Once the poster boy of pro-RH bill advocates after his disruptive performance at a biblical "salestalk" at the Manila Cathedral, the late Carlos Celdran was definitely not the type of guy who the Church would consider for sanctity.
Yet Carlos, who was found guilty of offending religious sentiments, is one guy who made me appreciate my Catholic faith more – not because I wanted him excommunicated, but because he challenged Filipino Catholics to engage with the secular world critically.
I definitely disagree with Carlos on his positions that go against the moral teachings of the Church. But then again, disagreeing does not mean that we ought to disrespect the person and turn a deaf ear to his arguments. Arguments that, one way or another, echo valid points that should push serious Catholics to at least go beyond our respective moral havens.
We live in a postmodern era that tries to defy conventional appreciation and understanding of truth: that truth is not absolute, that it is not black and white. The poet Allen Ginsberg would even go beyond this and proclaim that there is no such thing as truth, only matters of perspective.
Thus, following the method of postmodern thinker Jacques Derrida, we ought to deconstruct our established creeds and institutions. Doing so, I think, gives us a better grasp of our convictions, making us fearless even in criticizing them, no matter what authoritative dogmas or principalities are dictated or imposed upon us.
I am convinced that this was what Carlos did: challenging and deconstructing our oh-so-holy and sacred values and perhaps making or keeping them relevant and reasonable in an age that demands reasonable relevance.
Carlos Celdran isn't as atheist as, say John Lennon or Christopher Hitchens or Richard Dawkins or Stephen Hawking (after all, he vowed to say a Hail Mary whenever he was at the point of death – and I prayed and hoped that he did too), but irking traditional Catholic sensibilities should not be seen as a threat on a par with the damnation of souls. (READ: [Q&A] Celdran: 'I'm Catholic until it is taken away from me')
Provocative criticisms from skeptics, agnostics, and atheists should in fact be welcomed as a means for us Catholics to let our faith grow deeper and perhaps evolve. As a matter of fact, we have to thank the heretics of old for bringing out the best minds among Christians, whose intellectuals might eventually fortify faith-based doctrines by harmonizing empirical reasoning with the domain of faith.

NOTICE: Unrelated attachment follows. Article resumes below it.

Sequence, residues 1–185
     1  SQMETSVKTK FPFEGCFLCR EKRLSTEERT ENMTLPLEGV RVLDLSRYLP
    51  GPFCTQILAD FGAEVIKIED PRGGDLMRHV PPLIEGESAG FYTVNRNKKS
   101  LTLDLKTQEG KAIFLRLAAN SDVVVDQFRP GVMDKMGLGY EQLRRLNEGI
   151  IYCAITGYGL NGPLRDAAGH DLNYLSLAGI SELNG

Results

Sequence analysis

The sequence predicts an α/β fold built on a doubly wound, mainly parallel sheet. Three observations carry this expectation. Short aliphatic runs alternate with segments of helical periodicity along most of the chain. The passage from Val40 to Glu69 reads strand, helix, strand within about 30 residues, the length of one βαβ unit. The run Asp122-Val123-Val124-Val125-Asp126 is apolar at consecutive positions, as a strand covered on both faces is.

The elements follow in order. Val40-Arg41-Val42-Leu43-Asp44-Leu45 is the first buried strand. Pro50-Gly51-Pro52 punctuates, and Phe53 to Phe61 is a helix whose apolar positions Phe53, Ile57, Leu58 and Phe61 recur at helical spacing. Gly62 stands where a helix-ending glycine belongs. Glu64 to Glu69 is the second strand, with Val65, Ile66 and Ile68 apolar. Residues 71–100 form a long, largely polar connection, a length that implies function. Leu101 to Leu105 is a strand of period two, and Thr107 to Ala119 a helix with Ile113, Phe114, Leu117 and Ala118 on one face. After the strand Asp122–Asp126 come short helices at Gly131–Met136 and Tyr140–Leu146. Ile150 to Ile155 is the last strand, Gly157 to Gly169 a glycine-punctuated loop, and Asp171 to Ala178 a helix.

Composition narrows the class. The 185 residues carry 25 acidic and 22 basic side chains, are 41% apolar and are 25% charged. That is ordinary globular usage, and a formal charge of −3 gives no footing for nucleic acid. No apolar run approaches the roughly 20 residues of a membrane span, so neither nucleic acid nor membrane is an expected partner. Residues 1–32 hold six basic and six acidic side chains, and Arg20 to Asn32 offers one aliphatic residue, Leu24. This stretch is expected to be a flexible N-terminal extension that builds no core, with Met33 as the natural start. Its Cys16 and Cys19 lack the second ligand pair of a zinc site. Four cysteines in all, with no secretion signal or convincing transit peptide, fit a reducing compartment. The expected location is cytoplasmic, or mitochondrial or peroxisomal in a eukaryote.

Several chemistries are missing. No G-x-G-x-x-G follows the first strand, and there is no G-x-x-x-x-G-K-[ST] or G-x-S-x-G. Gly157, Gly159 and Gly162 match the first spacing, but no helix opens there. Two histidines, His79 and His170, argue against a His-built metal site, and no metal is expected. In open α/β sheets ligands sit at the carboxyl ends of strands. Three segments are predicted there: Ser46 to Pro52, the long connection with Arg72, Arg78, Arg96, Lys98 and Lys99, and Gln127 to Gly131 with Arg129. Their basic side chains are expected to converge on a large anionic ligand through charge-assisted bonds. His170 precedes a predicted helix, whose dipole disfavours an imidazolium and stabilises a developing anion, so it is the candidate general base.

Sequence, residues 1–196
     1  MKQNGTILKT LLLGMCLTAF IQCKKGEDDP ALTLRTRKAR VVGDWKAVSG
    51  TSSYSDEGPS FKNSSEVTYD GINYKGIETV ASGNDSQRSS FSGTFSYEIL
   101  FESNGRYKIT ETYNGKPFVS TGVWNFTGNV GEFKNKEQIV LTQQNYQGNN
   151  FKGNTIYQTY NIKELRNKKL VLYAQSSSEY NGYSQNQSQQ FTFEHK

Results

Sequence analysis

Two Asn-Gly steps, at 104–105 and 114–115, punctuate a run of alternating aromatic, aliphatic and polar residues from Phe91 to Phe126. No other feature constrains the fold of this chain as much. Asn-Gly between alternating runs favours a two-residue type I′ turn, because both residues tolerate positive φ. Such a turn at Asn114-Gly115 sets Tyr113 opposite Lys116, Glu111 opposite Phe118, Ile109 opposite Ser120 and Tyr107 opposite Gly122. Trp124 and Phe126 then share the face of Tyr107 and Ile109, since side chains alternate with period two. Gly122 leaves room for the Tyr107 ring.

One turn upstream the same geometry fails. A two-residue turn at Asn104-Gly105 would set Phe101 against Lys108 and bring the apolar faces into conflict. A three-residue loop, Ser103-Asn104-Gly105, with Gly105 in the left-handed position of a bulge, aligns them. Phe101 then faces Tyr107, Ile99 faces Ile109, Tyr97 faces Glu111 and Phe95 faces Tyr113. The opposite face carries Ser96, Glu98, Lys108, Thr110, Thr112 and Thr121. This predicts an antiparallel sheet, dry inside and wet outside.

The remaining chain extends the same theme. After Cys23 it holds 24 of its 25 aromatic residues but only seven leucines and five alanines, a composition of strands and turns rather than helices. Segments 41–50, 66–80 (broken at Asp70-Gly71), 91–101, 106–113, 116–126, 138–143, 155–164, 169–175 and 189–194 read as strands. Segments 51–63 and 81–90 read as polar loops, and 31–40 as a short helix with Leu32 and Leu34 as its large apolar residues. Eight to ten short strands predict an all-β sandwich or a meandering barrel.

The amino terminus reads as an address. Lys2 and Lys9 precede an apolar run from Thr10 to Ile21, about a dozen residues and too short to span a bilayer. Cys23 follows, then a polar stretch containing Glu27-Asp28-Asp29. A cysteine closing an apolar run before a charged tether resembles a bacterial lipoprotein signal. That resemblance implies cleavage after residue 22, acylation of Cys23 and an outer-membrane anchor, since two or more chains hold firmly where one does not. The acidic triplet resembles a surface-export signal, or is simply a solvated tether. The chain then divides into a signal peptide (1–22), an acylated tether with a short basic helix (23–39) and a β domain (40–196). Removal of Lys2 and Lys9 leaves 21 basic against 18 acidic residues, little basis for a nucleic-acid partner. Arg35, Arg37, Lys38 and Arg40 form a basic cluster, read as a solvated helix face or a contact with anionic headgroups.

We have to face it: the Catholic Church is struggling to be relevant in an ocean of cosmopolitan and pluralistic ideologies. Condemning or disregarding criticisms against tradition as irrelevant wouldn't help. That is why the second Vatican council has emphasized the need for dialogue, for meaningful engagements with the world.
People like Carlos Celdran can be considered as prophets – prophets who disturb us from our cold closets so we can rethink and perhaps reevaluate and discern our values over and over again. Jesus disturbed the conservatives of his time. Prophets and mystics like St Francis of Assisi disturbed the comfortable religious pursuits of his generation.
Was it easy to be disturbed? Definitely not. But in tensions brought about by such disturbances, the sincere and beautiful mysteries of the faith were rediscovered and enriched in the context of what was being demanded of the time.
I am not saying that the Church has to radically bow down to the demands of the seemingly "ungodly" world by changing age-old traditions or doctrines. Rather, what I am trying to manifest is the opportunity for us to learn from the seemingly "unwanted" prophets of our time, for us to appreciate and eventually be decisive with our respective convictions.
Doing so makes the Catholic faith more refreshingly vibrant, alive, and relevant.
P.S. Please do say a "Hail Mary" for Carlos Celdran. – Rappler.com
Ted Tuvera earned his journalism degree from the University of Santo Tomas and worked as a journalist, covering a major beat for a national daily for 3 years. Currently, he is a seminarian at the Archdiocese of Capiz.